People often wonder why the American electorate is whiter than the general population in light of the huge diversity explosion underway. The basis for this “voter representation gap”— largest for Hispanic and Asian new minorities—is multifaceted.
One reason involves simple demography. Substantial shares of both the Hispanic and Asian populations are under age 18 and too young to vote. Secondly, even among those who are in the United States legally, substantial shares are not citizens, a consequence of their recent arrival status or a delay or unwillingness to become naturalized.
Whites, in contrast are an older population with fewer non-voting age members and far more likely to be citizens. Blacks lie somewhere in-between.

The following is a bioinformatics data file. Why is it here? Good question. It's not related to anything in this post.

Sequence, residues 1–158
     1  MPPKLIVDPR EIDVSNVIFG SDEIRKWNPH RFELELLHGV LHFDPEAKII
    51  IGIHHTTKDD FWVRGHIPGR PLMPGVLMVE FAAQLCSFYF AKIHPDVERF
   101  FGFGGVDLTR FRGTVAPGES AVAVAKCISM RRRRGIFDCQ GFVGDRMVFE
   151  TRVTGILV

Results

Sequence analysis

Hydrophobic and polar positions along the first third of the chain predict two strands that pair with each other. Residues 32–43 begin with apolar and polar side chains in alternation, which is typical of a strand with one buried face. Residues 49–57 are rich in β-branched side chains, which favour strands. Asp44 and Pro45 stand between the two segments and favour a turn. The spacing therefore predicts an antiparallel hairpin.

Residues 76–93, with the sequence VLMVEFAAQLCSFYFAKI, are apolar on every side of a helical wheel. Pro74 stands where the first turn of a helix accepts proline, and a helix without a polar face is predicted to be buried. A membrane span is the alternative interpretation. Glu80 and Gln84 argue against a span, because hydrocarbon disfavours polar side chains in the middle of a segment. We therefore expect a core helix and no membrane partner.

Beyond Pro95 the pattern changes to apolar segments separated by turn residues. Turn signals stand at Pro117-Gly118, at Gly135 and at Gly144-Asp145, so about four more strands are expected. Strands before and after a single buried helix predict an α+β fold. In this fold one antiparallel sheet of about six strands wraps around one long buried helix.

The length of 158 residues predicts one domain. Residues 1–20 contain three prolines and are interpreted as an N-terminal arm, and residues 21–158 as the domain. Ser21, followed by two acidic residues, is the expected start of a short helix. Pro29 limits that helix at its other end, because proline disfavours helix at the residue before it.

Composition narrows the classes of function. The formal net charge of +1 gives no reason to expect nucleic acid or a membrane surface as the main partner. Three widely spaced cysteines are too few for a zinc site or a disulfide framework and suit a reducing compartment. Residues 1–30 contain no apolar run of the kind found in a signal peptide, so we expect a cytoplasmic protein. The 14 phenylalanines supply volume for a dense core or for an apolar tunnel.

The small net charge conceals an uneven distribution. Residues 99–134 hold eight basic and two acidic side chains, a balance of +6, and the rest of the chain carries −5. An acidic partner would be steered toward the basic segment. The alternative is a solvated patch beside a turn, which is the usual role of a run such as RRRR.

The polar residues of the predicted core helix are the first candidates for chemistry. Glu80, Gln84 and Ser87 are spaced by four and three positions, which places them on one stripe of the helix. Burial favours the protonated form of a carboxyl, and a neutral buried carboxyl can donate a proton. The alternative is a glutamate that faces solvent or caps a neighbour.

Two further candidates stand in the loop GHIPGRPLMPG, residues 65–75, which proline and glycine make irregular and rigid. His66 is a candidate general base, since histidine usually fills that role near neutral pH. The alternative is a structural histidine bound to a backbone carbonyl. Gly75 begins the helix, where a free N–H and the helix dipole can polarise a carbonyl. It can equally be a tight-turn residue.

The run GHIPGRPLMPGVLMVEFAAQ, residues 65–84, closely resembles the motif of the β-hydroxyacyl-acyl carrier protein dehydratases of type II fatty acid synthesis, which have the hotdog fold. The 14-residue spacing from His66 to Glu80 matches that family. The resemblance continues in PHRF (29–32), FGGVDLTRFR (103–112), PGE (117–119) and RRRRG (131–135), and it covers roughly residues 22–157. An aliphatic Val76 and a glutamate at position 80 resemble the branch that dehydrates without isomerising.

For the 2012 presidential election half or fewer of Asians and Hispanics in the United States were eligible to vote, compared with nearly four-fifths of the white population and more than three-quarters of blacks.
The gap is further widened by typically lower rates of turnout on Election Day for Hispanics and Asians than for blacks, making whites more highly represented in the voter population (74 percent in 2012) than in the total population (63 percent).
The gap will eventually shrink as more Hispanic and Asian adults become naturalized citizens as their populations become established and as more of their younger populations reach voting age.
Material adapted from Diversity Explosion: How Racial Demographics Are Remaking America by William H. Frey, 2014